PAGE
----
According to a recent news feature from News 3, there have been 55 confirmed cases of hepatitis A linked to smoothie chain in the mid-Atlantic region. These 55 cases are all in Northern Virginia, and now there are additional cases being assessed, including cases in Maryland, West Virginia, North Carolina, and even states out west like Oregon and Wisconsin.
The state department of health and the Centers for Disease Control (CDC) have traced the source of the contamination to strawberries that were all imported from Egypt. Upon being made aware of the contaminated strawberries, the company voluntarily stopped using all strawberries sourced from Egypt. As our Boston food poisoning injury attorneys can explain, when you buy a food product such as smoothie, you may have a products liability claim against the vender. In the case of this smoothie-related hepatitis outbreak, there has already been a class action lawsuit filed on behalf of the all of the victims, though it should be noted that the complaint is merely an accusation of negligence of the sale of a defective or dangerous product, as there has been no finding of liability in a civil court of law by a judge or jury by a preponderance of the evidence, which is the standard of proof in civil cases.
Hepatitis A is caused by a virus that infects the liver. The infection is highly contagious and can have lifelong health consequences. One thing that makes hepatitis A different than other types of food borne illnesses is that it takes between 15 and 20 days on average of incubation before the victim becomes sick to the point where they have symptoms and go to a doctor. This allows a greater number of people to get sick, since it takes much longer to predict.
There is a vaccine for hepatitis A which was not available until relatively recently, and for that reason there has been an almost 95 percent decrease in the number of new infections each year. However, despite the fact that many new vaccines exist, many adults are not going to doctors and asking for these vaccines. Other than the flu vaccine, and the pneumonia vaccine for older people, the only time people generally get vaccinated for anything is as children and when they go to college or somewhere else that requires a vaccination record.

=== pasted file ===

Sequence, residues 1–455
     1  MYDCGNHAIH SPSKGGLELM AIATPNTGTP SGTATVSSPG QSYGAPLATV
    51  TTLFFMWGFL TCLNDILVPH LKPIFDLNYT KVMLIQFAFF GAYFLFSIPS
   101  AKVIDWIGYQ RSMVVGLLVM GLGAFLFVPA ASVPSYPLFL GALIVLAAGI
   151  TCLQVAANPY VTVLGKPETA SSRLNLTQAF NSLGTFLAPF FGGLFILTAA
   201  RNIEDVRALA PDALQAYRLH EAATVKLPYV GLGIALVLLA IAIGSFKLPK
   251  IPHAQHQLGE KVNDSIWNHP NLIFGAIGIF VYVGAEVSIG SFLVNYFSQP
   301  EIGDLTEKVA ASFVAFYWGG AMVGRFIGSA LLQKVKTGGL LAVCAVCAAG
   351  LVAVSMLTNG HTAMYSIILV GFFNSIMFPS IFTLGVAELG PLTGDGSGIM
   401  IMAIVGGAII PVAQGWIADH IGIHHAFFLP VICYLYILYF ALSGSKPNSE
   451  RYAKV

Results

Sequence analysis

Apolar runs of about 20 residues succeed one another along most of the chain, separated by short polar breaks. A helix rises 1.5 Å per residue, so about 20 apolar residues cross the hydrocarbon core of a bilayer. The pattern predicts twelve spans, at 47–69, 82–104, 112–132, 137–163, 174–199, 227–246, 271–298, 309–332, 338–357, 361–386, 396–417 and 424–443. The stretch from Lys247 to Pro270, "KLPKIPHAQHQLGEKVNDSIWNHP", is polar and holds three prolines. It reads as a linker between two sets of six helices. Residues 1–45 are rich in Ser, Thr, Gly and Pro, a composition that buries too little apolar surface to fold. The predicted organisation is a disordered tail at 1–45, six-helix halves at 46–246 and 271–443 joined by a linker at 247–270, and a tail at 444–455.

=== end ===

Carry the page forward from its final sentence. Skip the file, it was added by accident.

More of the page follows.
In addition to eating contaminated food, you can also get hepatitis A from drinking contaminated water (usually a problem in developing nations) and from coming into direct contact with a person who is infected with hepatitis A. Fortunately, for those who were exposed to the hepatitis A in the smoothies, it is not normally as serious and infection as hepatitis B and hepatitis C which can serious damage the liver and are generally chronic illnesses. Many people will get better without the need for hospitalization according to the World Health Organization, but one of the problems is that the condition causes fever in patients and taking acetaminophen can cause serious personal injury.
If you are the victim of Massachusetts product liability, call the Law Offices of Jeffrey S. Glassman for a free and confidential appointment — 1-888-367-2900.
55 cases of hepatitis A now linked to Virginia Tropical Smoothie Cafes, August 31, 2016, Staff Report, News 3
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